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Abortion is a problem of enormous proportions for which there is no universally correct solution. Such is the grist for novelist John Irving's powerful mill—his six books are not for the fainthearted.
In The World According to Garp, Irving explored the relationship between a writer and his iconoclastic mother; homosexuality and radical feminism were also at issue. The Hotel New Hampshire looked at family tragedy, terrorism, and incest. Now he takes on abortion in The Cider House Rules.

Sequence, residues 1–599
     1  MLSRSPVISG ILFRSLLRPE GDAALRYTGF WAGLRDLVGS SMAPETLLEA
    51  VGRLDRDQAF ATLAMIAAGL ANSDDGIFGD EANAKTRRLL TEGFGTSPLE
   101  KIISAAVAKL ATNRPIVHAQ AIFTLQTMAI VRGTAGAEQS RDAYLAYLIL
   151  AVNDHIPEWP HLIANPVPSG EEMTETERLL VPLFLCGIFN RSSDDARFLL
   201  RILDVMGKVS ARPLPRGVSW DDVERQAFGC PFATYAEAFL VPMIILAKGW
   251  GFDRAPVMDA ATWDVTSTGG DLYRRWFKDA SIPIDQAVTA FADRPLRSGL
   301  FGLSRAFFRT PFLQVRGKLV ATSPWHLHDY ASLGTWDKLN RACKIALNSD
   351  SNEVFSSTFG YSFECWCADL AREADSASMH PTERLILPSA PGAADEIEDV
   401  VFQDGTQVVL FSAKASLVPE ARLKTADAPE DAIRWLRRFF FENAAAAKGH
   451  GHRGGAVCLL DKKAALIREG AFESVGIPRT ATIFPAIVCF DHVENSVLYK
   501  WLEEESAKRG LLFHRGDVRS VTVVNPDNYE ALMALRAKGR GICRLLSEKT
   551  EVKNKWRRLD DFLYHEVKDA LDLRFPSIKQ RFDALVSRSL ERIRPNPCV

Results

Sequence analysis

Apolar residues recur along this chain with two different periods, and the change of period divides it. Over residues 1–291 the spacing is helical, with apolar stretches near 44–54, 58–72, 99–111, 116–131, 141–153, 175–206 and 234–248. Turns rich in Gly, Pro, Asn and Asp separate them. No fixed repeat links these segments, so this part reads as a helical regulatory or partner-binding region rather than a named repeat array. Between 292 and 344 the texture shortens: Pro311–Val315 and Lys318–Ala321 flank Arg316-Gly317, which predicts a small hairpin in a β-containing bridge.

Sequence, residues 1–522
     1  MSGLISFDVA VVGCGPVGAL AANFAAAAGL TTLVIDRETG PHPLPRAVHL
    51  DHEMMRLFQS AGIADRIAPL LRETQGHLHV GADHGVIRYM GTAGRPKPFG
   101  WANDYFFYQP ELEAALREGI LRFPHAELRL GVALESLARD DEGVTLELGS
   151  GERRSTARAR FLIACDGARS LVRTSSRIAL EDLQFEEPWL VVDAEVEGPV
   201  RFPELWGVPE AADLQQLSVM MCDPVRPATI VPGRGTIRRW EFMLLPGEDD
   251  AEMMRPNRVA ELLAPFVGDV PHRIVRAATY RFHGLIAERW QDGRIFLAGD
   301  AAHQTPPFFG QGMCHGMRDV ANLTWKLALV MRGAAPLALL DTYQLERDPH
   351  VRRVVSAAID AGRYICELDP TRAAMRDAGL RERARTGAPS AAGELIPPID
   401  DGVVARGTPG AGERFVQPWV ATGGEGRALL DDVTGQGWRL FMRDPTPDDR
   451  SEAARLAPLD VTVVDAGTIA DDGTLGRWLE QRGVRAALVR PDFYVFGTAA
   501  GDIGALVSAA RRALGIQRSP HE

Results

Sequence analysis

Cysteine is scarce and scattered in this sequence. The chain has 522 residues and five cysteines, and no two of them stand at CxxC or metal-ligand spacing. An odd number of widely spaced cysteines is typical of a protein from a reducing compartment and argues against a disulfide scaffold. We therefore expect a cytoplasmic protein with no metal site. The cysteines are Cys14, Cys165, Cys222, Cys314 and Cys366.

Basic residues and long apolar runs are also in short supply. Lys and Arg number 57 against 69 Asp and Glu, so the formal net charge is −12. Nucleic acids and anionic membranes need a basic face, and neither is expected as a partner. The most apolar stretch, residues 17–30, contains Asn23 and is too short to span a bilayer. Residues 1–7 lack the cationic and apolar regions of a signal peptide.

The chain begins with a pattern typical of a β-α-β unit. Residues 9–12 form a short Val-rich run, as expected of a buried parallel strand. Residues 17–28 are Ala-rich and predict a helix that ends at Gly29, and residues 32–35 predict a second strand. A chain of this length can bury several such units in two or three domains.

Irving chose early 20th-century New England as the setting for his new book. Not coincidentally, his grandfather, Dr Frederick C. Irving, practiced obstetrics in Boston during that time. As explained in an extensive appendix, the elder Irving produced such works as A Textbook of Obstetrics and The Expectant Mother's Handbook and was professor of obstetrics at Harvard (as well as chief of staff of the Boston Lying-in Hospital).
The Cider House Rules
Riesenberg DE. The Cider House Rules. JAMA. 1986;255(1):97-98. doi:10.1001/jama.1986.03370010107035